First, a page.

Your own opinion does not annul the general consunsus, nor does the zeitgeist control your views. Those can co-exist without conflicting with some underlying objectivity, for there is none to be determined with a sufficient degree of precision. Any attempt at delineating the boundaries and modalities of such an objective condition would constitute another manifestation of subjectivity, as I already alluded to by the scoreboard example. Though I would be happy to be proven wrong by dicovering that art is objective, with subjectivities being expressed as epiphenomena of an otherwise immutable or determinable reality.

The exact argumentation does not matter that much. My emphasis is on the underlying rationale. The point is to be clear about your method and to recognise the subjectivity of the endeavour. To me this seems like a fair approach. If your peers insist that you are absolutely wrong and will not entertain any of your counter-arguments, ask them what their method is. Maybe they know something you don’t. Be genuine about it: if they do have some insight, then you really need to know what it is, as it will make your life better—it will upgrade your aesthetic sense, so to speak. If, however, their certitude is nothing but dogma, do not hesitate to challenge them to rethink their approach.

Those granted, you did not clarify what your relationship with those people is. Are they colleagues, family? Could it be your seemingly abusive crush (and friends) that you keep forgiving because of the feeling of infatuation that you have towards that person? There is no need to give me the details—I would still tell you that what matters is to get in the right frame of mind and think things through yourself. Be dispassionate about it.

Regardless of what this relationship is, why do they even insist on such an otherwise inconsequential point? I consider it “inconsequential” since you do not seem to be tackling the underlying themes the way a philosopher or art historian/critic would. I did not get the impression that you are deeply invested in this inquiry. Instead, you seem to be caught up in an argument and are just too stubborn to back off. Please correct me if I am wrong. Again, what is your relationship with those people and how it influences your dispositions towards each other?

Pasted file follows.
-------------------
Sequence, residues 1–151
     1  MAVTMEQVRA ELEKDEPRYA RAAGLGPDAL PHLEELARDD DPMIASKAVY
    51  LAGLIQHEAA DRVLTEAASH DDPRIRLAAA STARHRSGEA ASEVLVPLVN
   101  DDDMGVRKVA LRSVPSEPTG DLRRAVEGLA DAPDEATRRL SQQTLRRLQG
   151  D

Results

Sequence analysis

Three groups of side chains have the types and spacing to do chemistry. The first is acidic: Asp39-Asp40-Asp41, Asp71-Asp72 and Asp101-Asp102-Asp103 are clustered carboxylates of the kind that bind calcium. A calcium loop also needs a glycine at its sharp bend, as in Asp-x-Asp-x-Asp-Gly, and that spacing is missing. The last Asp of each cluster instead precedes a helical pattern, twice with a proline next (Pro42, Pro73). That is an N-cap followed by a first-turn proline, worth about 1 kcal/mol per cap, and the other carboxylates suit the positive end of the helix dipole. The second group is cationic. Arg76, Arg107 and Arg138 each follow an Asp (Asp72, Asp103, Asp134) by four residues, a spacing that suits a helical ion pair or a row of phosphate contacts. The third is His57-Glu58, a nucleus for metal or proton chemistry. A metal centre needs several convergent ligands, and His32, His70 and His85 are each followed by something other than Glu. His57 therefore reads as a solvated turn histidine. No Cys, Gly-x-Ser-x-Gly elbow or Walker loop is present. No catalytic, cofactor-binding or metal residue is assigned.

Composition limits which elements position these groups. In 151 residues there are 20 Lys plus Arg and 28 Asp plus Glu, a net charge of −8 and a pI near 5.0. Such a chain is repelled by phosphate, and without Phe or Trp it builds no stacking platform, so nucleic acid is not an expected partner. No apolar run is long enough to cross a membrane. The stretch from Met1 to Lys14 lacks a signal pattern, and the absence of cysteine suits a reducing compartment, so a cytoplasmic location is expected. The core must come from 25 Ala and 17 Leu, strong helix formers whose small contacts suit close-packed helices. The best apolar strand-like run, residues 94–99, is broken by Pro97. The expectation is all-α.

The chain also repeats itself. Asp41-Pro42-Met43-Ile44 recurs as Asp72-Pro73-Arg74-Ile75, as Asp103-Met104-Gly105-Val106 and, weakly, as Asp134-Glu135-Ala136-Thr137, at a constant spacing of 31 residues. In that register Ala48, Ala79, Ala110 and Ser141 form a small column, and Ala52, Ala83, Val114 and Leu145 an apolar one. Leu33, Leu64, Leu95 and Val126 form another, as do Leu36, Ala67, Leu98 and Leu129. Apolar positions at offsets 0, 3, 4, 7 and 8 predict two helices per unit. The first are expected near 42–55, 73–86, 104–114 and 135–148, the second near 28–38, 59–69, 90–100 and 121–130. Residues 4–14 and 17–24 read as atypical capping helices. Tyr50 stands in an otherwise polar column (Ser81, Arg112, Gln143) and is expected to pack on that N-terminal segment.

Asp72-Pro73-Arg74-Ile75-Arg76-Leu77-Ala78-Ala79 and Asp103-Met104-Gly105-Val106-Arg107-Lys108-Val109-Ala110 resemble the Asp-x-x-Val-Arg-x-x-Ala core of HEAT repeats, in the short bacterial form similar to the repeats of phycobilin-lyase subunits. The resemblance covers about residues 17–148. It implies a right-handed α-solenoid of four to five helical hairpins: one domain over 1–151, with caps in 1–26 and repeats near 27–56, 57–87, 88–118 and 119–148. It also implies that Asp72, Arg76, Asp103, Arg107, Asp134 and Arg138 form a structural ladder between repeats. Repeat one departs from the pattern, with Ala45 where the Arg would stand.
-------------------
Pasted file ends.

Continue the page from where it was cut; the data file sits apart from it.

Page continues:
As I have wrote several times before (e.g. The Dialectician’s Ethos, Why I won’t compete with you), when we are interested in the truth, we do not care about winning the argument. Such is a false goal. What we want is to find out what the case is. If we have to let go of our thesis in the face of cogent counter-arguments, then so be it. We do it with alacrity exactly because it is not our thesis that matters. It is not about impressing others with our intelligence, the inane pseudo-virtue of showing an unflinching commitment to our ideas, the ability to engage in an argument… None of that matters! All we want is the truth. If the way to the truth is blocked by our stubborness to hold on to a given position, then we must recognise what the problem is, admit to be wrong, and proceed fearlessly in our quest for approximating the truth.

Finally, I will put this down for the record, though it might not apply to your case. Sometimes we find ourselves around people that we try to befriend but know deep down that things are not working despite our best intentions and efforts. We continue to be friendly due to a misplaced sense of honour, yet we actually dread being there and are too cowardly to admit as much to ourselves—such an admission should provide the impetus for corrective action. If no sensible approach works and they keep bullying you, then take it as a sign that those people are not your friends or not worth staying close to. You tried your best, exhausted all the options, but they clung on to their negative attitude and continued harassing you. The philosophical thing to do when every appeal to reason fails is to send them all to hell. Tell them to fuck off. Yes, I mean that. The philosopher knows when to quit the dialogue, stop talking about dubitativeness and such lofty standards, and take decisive action. The philosopher understands that we are only human, not some perfectly rational, or moral, or aesthetic, or whatever, agents. Those who think that we are pure love, pure reason, and other such fancies, are in for a rude awakening.